Podcasts

Leadership Lyceum

Leadership Lyceum: A CEO's Virtual Mentor

This podcast series focuses on corporate and industry strategy and trends from the direct vantage point of key industry leaders. Subscribe to the podcast at Apple iTunes. Several interviews are available here: See Podcasts

Calendar of Events

Apr 09, 2017 to Apr 12, 2017
| Phoenix, AZ
May 02, 2017 to May 05, 2017
| Orlando, FL
May 21, 2017 to May 23, 2017
| Orlando, FL

Keywords

Public Utilities Reports

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CPR

PJM's Three-Way Proposal

A re-defined capacity product, revised parameters for generator performance, and a new role for demand response.

Bruce W. Radford

The proposal creates a new capacity product called the “Capacity Performance Resource.”

Playing Safe with Capacity Markets

PJM would minimize risk, but so did regulation.

David K. Bellman

Changes envisioned by PJM call for ever more structured markets, further reducing the scope of the competitive landscape from which RTOs arose. They may produce a system that is actually more costly and less innovative than regulation.

Demand Growth and the New Normal

Five forces are putting the squeeze on electricity consumption.

Ahmad Faruqui and Eric Shultz

It’s tempting to attribute the recent slowdown in electricity demand growth entirely to the Great Recession, but consumption growth rates have been declining for at least 50 years. The new normal rate of demand growth likely will be about half of its historic value, with demand rising by less than 1 percent per year. This market plateau calls for a new utility strategy.

Balance of Power

Large grids can integrate more wind—without major burdens.

Richard Lauckhart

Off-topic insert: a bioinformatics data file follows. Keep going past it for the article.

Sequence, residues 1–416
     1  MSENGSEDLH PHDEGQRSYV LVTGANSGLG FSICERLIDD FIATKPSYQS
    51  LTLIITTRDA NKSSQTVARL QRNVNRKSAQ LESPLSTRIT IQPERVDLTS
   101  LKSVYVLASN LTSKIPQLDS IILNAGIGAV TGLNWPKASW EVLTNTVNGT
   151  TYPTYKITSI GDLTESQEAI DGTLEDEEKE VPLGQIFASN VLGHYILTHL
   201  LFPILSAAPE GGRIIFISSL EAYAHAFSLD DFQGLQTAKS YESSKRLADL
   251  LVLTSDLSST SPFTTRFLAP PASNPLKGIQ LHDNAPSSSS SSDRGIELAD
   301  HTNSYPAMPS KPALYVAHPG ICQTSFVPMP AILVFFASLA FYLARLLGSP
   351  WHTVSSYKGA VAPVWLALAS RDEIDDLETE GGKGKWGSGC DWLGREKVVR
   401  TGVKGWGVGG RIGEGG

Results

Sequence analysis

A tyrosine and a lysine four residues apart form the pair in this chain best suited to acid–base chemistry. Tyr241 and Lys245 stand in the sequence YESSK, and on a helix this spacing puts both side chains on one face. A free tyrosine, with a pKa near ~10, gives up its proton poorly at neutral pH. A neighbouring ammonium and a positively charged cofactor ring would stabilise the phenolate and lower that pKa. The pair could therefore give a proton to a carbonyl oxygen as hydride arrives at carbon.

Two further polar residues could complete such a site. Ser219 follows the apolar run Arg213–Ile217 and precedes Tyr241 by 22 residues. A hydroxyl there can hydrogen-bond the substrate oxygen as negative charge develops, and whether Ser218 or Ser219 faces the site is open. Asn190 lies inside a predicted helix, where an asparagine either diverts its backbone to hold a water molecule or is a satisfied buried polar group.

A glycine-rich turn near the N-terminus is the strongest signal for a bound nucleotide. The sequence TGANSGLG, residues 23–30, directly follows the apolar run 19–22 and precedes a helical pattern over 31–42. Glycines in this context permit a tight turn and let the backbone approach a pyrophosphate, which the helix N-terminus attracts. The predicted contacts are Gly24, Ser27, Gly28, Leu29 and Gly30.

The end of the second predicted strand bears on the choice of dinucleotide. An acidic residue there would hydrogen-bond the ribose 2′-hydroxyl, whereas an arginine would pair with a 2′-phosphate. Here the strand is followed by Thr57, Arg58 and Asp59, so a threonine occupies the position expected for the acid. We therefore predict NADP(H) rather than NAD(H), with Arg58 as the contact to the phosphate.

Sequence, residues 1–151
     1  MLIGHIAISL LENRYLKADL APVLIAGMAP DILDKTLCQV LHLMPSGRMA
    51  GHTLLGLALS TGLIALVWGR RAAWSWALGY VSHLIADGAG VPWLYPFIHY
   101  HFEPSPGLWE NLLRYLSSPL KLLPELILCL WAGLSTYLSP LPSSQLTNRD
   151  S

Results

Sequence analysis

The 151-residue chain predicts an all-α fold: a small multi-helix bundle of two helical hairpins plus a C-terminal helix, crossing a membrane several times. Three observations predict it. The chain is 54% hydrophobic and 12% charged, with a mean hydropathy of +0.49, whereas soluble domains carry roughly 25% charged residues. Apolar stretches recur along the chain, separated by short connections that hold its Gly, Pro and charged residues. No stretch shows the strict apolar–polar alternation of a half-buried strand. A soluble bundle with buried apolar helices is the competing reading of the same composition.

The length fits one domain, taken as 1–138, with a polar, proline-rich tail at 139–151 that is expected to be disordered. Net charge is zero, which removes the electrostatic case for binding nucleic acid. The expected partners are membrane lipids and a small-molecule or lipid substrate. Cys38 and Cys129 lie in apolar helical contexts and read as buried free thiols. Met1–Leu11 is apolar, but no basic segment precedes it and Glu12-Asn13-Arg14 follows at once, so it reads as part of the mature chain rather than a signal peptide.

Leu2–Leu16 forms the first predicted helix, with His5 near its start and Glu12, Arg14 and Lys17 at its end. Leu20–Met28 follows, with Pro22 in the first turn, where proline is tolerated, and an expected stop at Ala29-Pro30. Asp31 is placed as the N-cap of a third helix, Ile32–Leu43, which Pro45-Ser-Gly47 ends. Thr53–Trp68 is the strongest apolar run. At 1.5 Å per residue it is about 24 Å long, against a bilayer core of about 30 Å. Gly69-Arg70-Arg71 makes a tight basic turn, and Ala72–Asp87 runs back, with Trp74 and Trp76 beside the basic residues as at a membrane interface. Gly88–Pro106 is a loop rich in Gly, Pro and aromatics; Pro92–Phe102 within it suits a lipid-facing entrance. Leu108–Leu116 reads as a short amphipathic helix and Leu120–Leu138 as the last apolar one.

Despite the variable nature of the resource, wind can be managed so that it will not impair the reliability of a utility system. The Federal Energy Regulatory Commission proposed a rule that would require changes to the way transmission service is scheduled, which would enhance the ability of balancing authorities to integrate wind.

Dynamic Pricing and Low-Income Customers

Correcting misconceptions about load-management programs.

Lisa Wood and Ahmad Faruqui

Do low-income customers respond to dynamic rates? The answer is yes, and in fact such customers can benefit from dynamic pricing without shifting loads”contrary to conventional wisdom. A study co-authored by the Edison Foundation’s Institute for Electric Efficiency and the Brattle Group shows that restricting access to dynamic rates might actually be harmful to most low-income customers.

Duff & Phelps Applauds Mass. Atty. General's Plan

Lori A. Burkhart

The Massachusetts Attorney General and the New England Electric System (NEES) have unveiled a plan to restructure electric utilities in Massachusetts (em "Consumers First."

The plan would allow all residential and business customers of investor-owned utilities to choose their electric supplier on January 1, 1998, and mandates that all customers receive a minimum 10-percent reduction on monthly bills. Existing purchased-power contracts would be honored, and approved utility investments recovered, subject to independent market valuations.